President Biden pushed private companies to step up to fix the issue, threatening to "call out" those companies who don't. When he was pressed by reporters about whether Christmas presents would arrive on time, he declined to answer.
Al Drago/Bloomberg/Contributor via Getty Images
3) Countries Endorse Global Minimum Tax
The Topline: Last Friday, more than 100 countries around the world endorsed an agreement to enact a Global Minimum Tax on corporations.
Quote Of The Day: " This is a sovereignty issue in a major way. … They essentially replace our Made-in-America tax code with a tax code made in foreign countries. … It is constitutionally, I think, suspect in a big way, as well."
– Congressman Kevin Brady (R-TX)
The global minimum tax means nations agree to charge no less than a 15% corporate tax on business operating in their country. Locking in this rate effectively bars other nations from competing by offering lower corporate tax rates.
136 countries signed onto a statement from the Organisation for Economic Co-operation and Development, and agreed to implement the global minimum tax by 2023.
The most controversial part of the plan is something called the "top-up" mechanism, which means if one participating nation charges a corporate tax rate of less than 15%, the nation where the company is headquartered can charge the company the difference for their activities in other nations.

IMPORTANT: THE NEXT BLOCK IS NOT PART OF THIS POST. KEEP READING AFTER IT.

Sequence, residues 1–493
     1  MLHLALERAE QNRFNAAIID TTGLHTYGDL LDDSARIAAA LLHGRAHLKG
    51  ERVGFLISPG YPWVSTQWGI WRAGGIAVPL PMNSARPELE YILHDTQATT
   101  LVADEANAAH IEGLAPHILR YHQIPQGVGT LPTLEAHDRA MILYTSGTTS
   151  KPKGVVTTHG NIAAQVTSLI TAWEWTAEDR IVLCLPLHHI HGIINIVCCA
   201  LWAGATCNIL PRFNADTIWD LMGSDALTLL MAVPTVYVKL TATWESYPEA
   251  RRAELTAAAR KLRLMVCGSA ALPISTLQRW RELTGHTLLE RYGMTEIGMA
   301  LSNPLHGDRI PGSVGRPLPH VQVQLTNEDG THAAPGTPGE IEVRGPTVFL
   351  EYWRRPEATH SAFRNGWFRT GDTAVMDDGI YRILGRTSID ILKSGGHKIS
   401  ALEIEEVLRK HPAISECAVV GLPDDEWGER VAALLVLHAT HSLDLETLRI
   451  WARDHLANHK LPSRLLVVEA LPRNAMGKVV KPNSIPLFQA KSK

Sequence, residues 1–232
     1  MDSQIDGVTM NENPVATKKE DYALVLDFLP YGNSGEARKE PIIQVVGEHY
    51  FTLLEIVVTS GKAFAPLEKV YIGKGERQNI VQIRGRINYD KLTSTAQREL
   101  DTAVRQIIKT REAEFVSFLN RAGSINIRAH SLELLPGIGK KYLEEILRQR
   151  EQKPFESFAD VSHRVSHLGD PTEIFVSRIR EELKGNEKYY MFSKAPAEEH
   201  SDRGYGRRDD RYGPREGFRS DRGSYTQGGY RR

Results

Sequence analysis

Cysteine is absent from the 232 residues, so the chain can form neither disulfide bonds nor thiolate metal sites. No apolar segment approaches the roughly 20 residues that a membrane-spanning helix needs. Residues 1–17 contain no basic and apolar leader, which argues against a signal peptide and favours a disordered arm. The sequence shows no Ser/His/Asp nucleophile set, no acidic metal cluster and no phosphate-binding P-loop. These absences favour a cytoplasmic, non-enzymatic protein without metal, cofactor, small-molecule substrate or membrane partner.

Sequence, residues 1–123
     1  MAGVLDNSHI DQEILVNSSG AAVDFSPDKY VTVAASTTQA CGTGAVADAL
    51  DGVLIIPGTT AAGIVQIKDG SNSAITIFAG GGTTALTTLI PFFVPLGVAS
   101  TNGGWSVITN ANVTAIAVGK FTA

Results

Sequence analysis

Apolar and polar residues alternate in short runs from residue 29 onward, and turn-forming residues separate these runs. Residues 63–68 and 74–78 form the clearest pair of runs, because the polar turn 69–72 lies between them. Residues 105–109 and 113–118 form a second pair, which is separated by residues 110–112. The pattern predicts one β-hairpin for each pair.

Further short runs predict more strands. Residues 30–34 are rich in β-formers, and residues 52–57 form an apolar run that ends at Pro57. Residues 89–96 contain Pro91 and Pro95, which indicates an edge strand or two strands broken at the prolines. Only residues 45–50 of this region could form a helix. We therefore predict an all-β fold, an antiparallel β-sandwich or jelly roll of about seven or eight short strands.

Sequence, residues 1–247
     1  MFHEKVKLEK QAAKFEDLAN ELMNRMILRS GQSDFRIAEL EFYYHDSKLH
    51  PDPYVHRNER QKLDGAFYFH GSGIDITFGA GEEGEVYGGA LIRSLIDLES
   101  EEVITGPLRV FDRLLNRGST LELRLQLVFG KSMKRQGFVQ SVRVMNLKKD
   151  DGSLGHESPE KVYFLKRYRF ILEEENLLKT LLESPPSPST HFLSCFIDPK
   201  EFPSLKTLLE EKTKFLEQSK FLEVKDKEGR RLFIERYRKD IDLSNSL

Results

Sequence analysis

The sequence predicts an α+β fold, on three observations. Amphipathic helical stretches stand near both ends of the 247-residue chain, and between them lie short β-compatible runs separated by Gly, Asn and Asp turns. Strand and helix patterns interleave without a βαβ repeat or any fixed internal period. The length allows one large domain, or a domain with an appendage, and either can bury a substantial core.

For Example : If Amazon only paid a 10% tax rate in another nation, the U.S. government can claim the difference of sales in that nation – in this case 5%.
Additionally, if the U.S. ever wanted to lower its corporate tax rate, other nations could tax U.S. sales.
Congressman Kevin Brady (R-TX) told Morning Wire the global minimum tax of 15% shows how much it would damage the economy to adopt President Biden's plan to hike the U.S. effective corporate tax rate to 31%.
Treasury Secretary Janet Yellen has said that Congress will include the global minimum tax as part of the president's $3.5 trillion reconciliation package.
If Congressional Democrats agree on the terms of the reconciliation package, Yellen says she's confident the global minim tax will be a part of it.
Mario Tama/Staff/Getty Images
Other Stories We're Tracking
Los Angeles Sheriff
On Thursday, Los Angeles county's sheriff announced his department is "not going to be the Covid police." Sheriff Alex Villanueva confirmed that officers will continue to respond to calls from businesses as needed, but that businesses, not his office, will be responsible for enforcement of Covid policies. Villanueva also confirmed that officers will have the option to take a weekly COVID-19 test in lieu of vaccination.
Transgender Netflix employees plan to walk out in protest of the online streaming platform's refusal to pull Dave Chappelle's new comedy special. The walkout, planned for October 20th, is in protest of the comedian's "transphobic" jokes.